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Mexico leftist Lopez Obrador has heart attack but is improving
December 3, 2013 / 7:00 PM / 4 years ago

Mexico leftist Lopez Obrador has heart attack but is improving

MEXICO CITY (Reuters) - Mexican leftist Andres Manuel Lopez Obrador, who was runner-up to President Enrique Pena Nieto in last year’s presidential election, is fine after being admitted to hospital with a heart condition, his spokesman said on Tuesday.

Leftist Andres Manuel Lopez Obrador addresses supporters during a protest against the privatization of the state-oil monopoly Pemex at Zocalo Square in downtown Mexico City October 27, 2013. REUTERS/Stringer

Lopez Obrador has been spearheading protests against Pena Nieto’s push to open up the state-controlled oil sector, a central plank of the president’s wider economic reform drive.

Cesar Yanez, a spokesman for Lopez Obrador, said the 60-year-old former mayor of Mexico City had experienced pressure on his heart and was being attended by doctors.

“Everything is fine,” Yanez said.

A fiery orator and leader of the Mexican left, Lopez Obrador’s closest brush with the presidency came in 2006, when he was narrowly defeated by conservative Felipe Calderon, and spent much of the next six years saying he had been robbed of victory.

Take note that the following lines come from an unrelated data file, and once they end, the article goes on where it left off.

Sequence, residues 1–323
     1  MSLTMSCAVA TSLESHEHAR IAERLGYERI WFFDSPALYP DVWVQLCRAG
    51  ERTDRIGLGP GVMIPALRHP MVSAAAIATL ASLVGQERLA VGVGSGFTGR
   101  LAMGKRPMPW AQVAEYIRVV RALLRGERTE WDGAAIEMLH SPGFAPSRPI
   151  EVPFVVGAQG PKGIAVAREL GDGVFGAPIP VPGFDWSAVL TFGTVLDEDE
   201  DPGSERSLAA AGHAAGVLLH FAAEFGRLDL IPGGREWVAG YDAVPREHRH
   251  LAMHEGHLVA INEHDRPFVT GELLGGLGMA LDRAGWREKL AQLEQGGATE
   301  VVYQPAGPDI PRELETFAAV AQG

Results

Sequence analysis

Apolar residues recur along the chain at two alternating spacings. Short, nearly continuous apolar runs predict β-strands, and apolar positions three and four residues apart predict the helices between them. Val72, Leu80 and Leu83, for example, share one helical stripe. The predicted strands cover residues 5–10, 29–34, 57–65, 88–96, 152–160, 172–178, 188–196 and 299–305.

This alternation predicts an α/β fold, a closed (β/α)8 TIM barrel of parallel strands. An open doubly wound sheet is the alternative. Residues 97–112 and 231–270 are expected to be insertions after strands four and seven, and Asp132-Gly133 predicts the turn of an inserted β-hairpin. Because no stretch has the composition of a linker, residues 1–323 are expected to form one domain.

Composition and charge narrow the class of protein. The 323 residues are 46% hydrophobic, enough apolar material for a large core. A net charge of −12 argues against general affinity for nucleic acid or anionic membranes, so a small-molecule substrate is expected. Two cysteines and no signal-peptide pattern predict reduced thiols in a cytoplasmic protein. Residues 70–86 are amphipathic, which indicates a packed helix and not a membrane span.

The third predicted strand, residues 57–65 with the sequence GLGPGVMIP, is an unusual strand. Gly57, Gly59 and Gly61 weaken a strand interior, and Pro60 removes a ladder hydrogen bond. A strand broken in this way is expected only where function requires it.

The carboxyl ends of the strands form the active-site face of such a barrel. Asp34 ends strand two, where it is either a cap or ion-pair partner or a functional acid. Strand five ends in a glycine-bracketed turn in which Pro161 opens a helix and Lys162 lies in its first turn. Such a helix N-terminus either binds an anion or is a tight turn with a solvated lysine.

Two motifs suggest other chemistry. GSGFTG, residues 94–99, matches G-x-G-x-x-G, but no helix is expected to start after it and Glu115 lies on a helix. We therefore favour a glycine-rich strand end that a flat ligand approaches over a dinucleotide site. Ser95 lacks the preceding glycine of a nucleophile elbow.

Lopez Obrador made the same accusation against Pena Nieto last year and has sought to build a popular front against the energy reform, claiming the president wants to sell off Mexico’s assets by luring foreign capital into the oil industry.

The reform is due to be debated in Congress in the next few days and is expected to pass before Christmas. Lopez Obrador has sworn he will work to undermine any contracts between the government and private oil companies.

Since losing to Calderon in 2006, when his protests against the outcome brought much of the capital to a standstill for weeks, the silver-haired Lopez Obrador has kept up a hectic schedule, touring Mexico in a state of near-permanent campaign.

Days ago Lopez Obrador vowed to form a human circle around Congress to protest against the energy reform.

However, recent protests have failed to muster the scale of support he achieved in 2006 when hundreds of thousands took to the streets of Mexico City on his behalf.

Reporting by Simon Gardner; editing by Jackie Frank

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